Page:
A: The Aeromotive Stealth 340 Pump is typically not listed as compatible with OEM returnless fuel systems, for good reason. The advent of the “returnless” fuel system, introduced by the OEM for passenger cars in 1999, was created in response to new, more stringent EPA, EEC (evaporative emissions control) regulations which took effect in that year. That a system would be classified as “returnless” does not necessarily mean that it does not have a bypass style regulator, only that the regulator is before the engine, perhaps on the frame rail or even in the tank. In fact even the most sophisticated “returnless” systems from Ford Motor Company, where the speed of the pump is extensively varied to control pressure, have integral bypass mechanisms that promote flow through the pump’s electric motor for cooling purposes.

What is most important to understand is that today’s “returnless” systems are extensively engineered as a system and very finely balanced, including intricate confinement reservoirs in which the pump is fitted, siphon-jet pumps that are used to transfer fuel within the tank(s) and into the reservoir (and which are often fed from special ports in the OEM pump), integral remote regulators in the tank or reservoir and sophisticated electronics, all of which must work together to provide fuel tank level, fuel pump flow, and pressure, necessary to meet the factory engine’s torque and horsepower production. Of course, all of these fuel system components are engineered around the OEM pump and its flow, pressure and current draw characteristics.

Installation of a fuel pump like the 340 Stealth into today’s “returnless” systems, when you consider that it flows 2-3 times as much volume, draws 2-3 times as much current and is not necessarily the exact size and configuration of the pump it replaces, will very probably throw the OEM fuel system substantially out of balance, and if run for any length of time, may very well damage either the fuel system components or the 340 Stealth Pump itself.

Modifications can be made to the OEM “returnless” fuel system, to the various hydraulic components and electrical supply, to incorporate such a 340 Stealth Pump, and it has been done successfully and with amazing results, BUT, it truly requires re-engineering much of the OEM fuel system components and controls, and is not something the average enthusiast will be capable of handling on their own. For this reason you won’t find recommendations for the 340 Stealth pump to be used in returnless fuel systems in Aeromotive’s application guide.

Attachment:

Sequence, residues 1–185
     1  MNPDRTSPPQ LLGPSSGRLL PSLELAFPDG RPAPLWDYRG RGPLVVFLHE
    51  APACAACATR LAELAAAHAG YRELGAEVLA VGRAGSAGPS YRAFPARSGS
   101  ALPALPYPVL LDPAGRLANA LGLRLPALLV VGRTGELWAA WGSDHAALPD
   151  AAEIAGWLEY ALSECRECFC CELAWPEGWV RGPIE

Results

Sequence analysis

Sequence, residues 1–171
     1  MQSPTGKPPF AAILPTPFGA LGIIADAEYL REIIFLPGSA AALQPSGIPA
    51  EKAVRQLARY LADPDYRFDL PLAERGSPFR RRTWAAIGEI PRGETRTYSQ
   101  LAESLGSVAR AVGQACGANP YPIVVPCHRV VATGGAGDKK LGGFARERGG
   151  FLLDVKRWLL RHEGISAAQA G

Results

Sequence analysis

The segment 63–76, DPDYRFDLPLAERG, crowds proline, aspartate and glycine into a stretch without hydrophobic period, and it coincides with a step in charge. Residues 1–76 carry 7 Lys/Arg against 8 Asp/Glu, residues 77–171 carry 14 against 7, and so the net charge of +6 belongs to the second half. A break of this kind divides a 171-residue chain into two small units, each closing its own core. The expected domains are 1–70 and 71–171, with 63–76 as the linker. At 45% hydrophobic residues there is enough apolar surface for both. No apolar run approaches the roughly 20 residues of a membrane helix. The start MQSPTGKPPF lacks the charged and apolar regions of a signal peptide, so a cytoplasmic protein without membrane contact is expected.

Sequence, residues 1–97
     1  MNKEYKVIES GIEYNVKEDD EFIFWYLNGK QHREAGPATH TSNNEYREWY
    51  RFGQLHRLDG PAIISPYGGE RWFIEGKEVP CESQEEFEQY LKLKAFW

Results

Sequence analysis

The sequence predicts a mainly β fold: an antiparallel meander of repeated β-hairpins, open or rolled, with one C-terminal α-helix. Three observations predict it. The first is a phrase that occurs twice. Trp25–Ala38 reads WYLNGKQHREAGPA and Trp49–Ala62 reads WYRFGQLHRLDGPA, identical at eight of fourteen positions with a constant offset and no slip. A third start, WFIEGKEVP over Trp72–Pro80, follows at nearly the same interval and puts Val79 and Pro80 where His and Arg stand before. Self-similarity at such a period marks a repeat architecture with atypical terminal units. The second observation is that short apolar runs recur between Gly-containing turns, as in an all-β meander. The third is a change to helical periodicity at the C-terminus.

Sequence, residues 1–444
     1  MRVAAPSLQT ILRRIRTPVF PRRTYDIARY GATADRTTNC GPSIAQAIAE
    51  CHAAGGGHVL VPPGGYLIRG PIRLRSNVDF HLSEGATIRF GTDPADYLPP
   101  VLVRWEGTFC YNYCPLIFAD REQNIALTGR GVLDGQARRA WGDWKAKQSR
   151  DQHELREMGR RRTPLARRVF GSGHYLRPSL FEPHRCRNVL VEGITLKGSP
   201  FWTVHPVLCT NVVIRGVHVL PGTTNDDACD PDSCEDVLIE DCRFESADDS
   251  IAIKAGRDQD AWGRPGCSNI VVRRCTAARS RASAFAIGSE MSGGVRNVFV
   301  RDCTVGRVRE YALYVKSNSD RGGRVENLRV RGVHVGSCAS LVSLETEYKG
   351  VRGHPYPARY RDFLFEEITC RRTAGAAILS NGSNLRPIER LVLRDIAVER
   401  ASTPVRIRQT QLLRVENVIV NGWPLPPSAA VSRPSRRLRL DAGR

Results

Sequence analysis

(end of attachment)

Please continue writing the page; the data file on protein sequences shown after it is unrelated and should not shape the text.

7.) Q: My car has a “return-less” fuel system and uses a driver module to use “pulse modulation” to vary the speed of the pump, thereby controlling fuel system flow and pressure (common in, but not exclusive to, Ford vehicles including Mustangs 1999 to present). Can the 340 Stealth Pump be pulse modulated without damaging it?

A: Much of the answer to this question can be found in 340 Stealth FAQ #6 with respect to the “returnless” part of this question, but with specific regard to the “pulse modulation” aspect, unlike most aftermarket in-tank style pumps, the Aeromotive 340 Stealth Pump is fully compatible with aggressive speed control strategies. One of the many features that make the 340 Stealth pump unique is the “turbine” style pumping mechanism. This type of pump is much more tolerant of the aggressive type of “Pulse Modulation” method of controlling pump speed, employed by the factory engineers, to create flow and control fuel pressure.

Unlike positive displacement pumping mechanisms, “turbine” rotors are not radically affected by the inertial forces related to the aggressive starting and stopping that is caused by the low frequency pulse modulation needed to vary fuel pressure by up to 30 PSI. Aggressive pulse modulation can “cog” a conventional pumping mechanism to pieces by locking it up in both directions on a continuous basis. The Aeromotive Stealth 340 Pump features the same “turbine” style pumping mechanism used by many OEM’s in these same applications, providing potentially excellent reliability in a speed controlled fuel system which has been properly re-engineered to take advantage of the Stealth 340’s high-flow capabilities."

Edited by Brian
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Grrrr, well idk lets see what brett says. I'm currently running one of the 340lph from lethal performance courtesy of bert. If his car was returnless, he should be able to solve this question.....BRETTTTTT I SUMMON YOU!!!